And that’s not the only way that masculinity harms men. Studies have shown that masculine men are more likely to die from diabetes, to risk cancer, to display sexual entitlement, to commit violent crime – one survey even suggests that bearded men are more likely to be misogynistic. If MRAs really wanted to fight against problems like male suicide, they would be fighting against the pressures of masculinity that encourage men to be violent, impulsive and reckless, instead of complaining about feminism.

Other claims made by MRAs, such as the aforementioned argument about false rape accusations, are just patently untrue. A 2005 Home Office study of false allegations found that the proportion of rape claims made to the police that could be classified as false was just three per cent. A later report by the Crown Prosecution Service found that in a period of 17 months, despite over 5,600 prosecutions for rape, there were just 35 prosecutions for false allegations of rape, and many of those prosecutions involved vulnerable people – young people, people with mental health problems, people who weren’t raped but were probably victims of another crime. Considering the fact that being a survivor of sexual violence already carries an enormous amount of stigma, and that only 15 per cent of women who suffer such violence actually report the incident to the police in the first place, it seems incalculably cruel to try to and fabricate the notion that many of those reports are false, a line of argument that will only further deter future survivors from coming forward.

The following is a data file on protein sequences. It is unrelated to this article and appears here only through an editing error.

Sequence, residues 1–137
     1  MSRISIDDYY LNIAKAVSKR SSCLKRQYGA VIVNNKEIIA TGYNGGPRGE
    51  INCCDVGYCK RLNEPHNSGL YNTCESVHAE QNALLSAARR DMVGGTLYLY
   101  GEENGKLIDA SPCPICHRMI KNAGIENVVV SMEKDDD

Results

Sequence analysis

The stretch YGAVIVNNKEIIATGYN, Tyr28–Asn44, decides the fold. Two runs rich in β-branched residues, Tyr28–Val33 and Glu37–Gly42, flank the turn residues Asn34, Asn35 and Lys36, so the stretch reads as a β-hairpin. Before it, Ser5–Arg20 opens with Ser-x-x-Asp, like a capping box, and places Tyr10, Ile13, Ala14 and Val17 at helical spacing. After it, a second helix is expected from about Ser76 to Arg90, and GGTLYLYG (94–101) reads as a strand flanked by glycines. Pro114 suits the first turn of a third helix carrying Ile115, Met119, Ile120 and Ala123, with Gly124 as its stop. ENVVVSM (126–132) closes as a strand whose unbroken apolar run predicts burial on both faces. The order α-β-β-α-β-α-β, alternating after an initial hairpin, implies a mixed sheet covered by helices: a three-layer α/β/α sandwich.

Despite the twisted illogic of their arguments, however, MRAs haven’t given up, and here in the UK they’ve fought tooth-and-nail against campaigns to raise awareness of sexual assault and promote a better understanding of consent. For example, a popular British men’s rights website, insideMAN, argues that consent workshops, which are now compulsory at many Cambridge colleges, are “deeply uncomfortable and emotionally painful” for young men. Yes: despite sexual violence being rife in Cambridge, with a 2014 CUSU report having revealed that three quarters of students had experienced sexual harassment, apparently the most important thing is that we don’t hurt men’s feelings.

Herein lies the true danger of the men’s rights movement. It’s easy to laugh at MRAs’ more ridiculous statements, but the reality is that men’s rights activism is a legitimate political force in the UK and elsewhere, and its reactionary rhetoric is very appealing to young men who feel threatened by social change. The fact that Parliament is giving the movement legitimacy should concern us all, and we need to be finding ways to combat this kind of reactionism – otherwise, we might end up taking one step forward and two steps back